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After editing all of my images which I had allocated to print of as A3 images for my exhibition, I layed them our on a photoshop format, in order too print them as two A0 sheets. It was suggested that I do so, in order to make the process of mounting the images more efficient, as I could do them in two goes. I also layed the QR codes on  the sheets, as I wanted them printing for display.

After printing the sheets in size A0, I mounted them onto foam board. I chose to use the foam board to display the images, as I felt that if I was to frame them it would appear too cluttered and bulky, with there being so many images. After mounting the images onto foam board, I cropped them down to an equal size.


I then layed the images out in the order which I had originally decided on. I asked for the opinions of others, to which many replied that it seemed too organised. This made me realise that this was not in keeping with the nature of the project. The project explores free movement and travel, where as this appeared anal and robotic.

When asking peers for advice, I was also questioned as to whether or not I was allowing for the dolls to be taken on the night of the exhibition. This idea was great. As I will be able to meet the people at the exhibition, and as due to their presence there they must also show an interest in the work, it is more likely that they will communicate more enthusiastically. If I was to suggest that the person taking the doll takes it to the furthest possible location, it could possibly become an international network of travelling dolls! If the dolls were to be organised neatly on the wall, the visitors would be less likely to feel at ease with removing and taking the dolls. If they were layed out in a more free manor, the visitors would feel more obliged to take a doll, and less guilty about ruining the order.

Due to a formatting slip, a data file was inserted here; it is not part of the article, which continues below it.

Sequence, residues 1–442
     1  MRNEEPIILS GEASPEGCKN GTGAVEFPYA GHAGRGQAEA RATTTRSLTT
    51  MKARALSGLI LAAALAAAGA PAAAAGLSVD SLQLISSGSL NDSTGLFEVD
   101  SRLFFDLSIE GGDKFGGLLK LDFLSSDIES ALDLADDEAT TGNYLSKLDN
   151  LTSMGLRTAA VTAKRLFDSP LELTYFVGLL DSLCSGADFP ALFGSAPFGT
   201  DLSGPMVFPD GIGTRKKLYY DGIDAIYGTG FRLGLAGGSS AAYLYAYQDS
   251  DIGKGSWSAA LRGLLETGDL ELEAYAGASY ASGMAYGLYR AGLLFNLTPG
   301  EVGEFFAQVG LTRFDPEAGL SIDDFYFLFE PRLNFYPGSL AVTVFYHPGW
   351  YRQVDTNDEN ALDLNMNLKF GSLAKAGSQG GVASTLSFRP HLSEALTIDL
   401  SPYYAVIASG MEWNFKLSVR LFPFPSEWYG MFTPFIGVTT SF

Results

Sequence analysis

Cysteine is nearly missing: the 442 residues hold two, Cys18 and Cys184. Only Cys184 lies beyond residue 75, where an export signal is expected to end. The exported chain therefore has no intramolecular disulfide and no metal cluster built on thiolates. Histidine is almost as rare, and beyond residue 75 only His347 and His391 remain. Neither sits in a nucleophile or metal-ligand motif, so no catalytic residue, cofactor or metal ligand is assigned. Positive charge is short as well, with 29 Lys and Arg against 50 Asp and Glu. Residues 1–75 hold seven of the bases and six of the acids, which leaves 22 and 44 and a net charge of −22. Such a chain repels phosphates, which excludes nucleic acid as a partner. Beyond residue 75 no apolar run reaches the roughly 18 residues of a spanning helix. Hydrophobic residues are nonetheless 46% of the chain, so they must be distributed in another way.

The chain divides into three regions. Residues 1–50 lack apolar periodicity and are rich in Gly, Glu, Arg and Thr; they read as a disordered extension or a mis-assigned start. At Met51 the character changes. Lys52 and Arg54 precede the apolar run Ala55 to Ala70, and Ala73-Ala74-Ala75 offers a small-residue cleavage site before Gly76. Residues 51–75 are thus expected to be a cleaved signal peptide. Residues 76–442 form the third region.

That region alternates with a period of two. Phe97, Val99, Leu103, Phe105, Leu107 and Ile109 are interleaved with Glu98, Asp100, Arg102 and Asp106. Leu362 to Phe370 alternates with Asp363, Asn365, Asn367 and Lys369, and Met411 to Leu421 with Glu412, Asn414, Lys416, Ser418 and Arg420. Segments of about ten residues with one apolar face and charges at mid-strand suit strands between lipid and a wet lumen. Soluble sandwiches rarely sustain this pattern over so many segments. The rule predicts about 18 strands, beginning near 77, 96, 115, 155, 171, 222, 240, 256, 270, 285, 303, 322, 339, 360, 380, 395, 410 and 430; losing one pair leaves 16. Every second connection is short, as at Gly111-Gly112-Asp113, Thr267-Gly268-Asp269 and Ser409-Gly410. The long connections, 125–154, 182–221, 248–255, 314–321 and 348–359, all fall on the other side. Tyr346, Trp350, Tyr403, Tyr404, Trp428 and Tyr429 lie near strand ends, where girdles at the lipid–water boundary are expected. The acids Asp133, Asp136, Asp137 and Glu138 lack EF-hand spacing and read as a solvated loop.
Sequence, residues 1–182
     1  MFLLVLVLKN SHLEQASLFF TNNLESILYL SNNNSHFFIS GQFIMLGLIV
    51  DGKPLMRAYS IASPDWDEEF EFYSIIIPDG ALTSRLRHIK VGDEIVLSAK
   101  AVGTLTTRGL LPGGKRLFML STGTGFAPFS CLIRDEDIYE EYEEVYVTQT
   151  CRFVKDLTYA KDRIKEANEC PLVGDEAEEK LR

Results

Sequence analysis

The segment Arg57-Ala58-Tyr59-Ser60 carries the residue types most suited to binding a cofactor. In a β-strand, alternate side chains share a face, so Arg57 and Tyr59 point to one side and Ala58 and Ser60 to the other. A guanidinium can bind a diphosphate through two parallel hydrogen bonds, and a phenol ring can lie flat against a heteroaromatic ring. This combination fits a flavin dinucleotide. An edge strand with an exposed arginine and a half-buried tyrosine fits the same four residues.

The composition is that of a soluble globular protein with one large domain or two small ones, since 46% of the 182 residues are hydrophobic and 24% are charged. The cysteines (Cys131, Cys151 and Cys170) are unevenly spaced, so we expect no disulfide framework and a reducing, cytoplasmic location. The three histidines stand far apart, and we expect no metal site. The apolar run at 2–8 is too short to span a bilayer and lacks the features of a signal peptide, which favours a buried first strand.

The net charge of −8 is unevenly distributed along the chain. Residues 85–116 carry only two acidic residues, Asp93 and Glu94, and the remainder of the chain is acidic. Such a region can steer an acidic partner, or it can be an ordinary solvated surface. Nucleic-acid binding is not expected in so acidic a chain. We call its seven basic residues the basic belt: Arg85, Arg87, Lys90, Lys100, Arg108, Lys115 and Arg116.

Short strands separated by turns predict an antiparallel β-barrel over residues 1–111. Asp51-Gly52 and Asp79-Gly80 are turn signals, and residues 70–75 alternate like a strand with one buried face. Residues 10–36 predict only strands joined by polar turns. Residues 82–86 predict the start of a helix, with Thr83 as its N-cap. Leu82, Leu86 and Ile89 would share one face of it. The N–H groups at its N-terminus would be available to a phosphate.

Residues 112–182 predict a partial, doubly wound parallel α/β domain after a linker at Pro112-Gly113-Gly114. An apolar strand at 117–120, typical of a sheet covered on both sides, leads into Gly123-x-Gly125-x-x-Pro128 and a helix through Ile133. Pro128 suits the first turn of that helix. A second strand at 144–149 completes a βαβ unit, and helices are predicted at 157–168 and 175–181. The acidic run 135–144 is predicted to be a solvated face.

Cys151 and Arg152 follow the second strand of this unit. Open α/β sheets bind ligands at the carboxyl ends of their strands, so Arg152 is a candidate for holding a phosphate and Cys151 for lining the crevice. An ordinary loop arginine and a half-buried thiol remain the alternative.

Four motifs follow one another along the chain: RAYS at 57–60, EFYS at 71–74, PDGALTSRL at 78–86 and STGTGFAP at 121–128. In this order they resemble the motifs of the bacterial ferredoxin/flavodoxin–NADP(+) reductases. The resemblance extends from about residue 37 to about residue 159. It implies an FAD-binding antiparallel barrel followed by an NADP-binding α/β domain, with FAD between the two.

Therefore, I looked at other ways which I could organise the dolls:


I chose to experiment further with the idea of placing the dolls on plinths, as I felt that this will create a space for which the viewers are forced to engage with them, by moving around them.


Cluttered onto one large plinth, or sat back to back on two.


By organising the dolls on two plinths, and placing them around 2 metres apart, I was creating a space which visitors would engage with and walk around, allowing them to observe different details of the dolls. A class member commented that having them sat back to back created a surreal atmosphere, as it was as though the dolls were watching you, not matter what point of the room you are at, as they stare in every direction. I felt that having the dolls sat in two clusters facing the audience also added personification and made them seem more engaging, than having them piled up in one.

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I requested that I have two wall spaces, which are parallel to one another. This way, I can use the space in between to present the plinths of dolls. This will make the display more interactive, as it will encourage the viewers to walk from one side of the room to the other, and around the dolls.


Exploring different ways to present images in exhibition


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I concluded that the above composition was the most effective. With this layout, on a wall, I can position the dolls to be at eye level, and to therefore be more intruding and intimate. My intention is to engage the viewer with the eye level, grasping stare of the doll.

Keeping the layout of the paper (representing what will be my photographs) in a neat even layout, keeps the display easier on the eyes, and puts more focus onto the images themselves.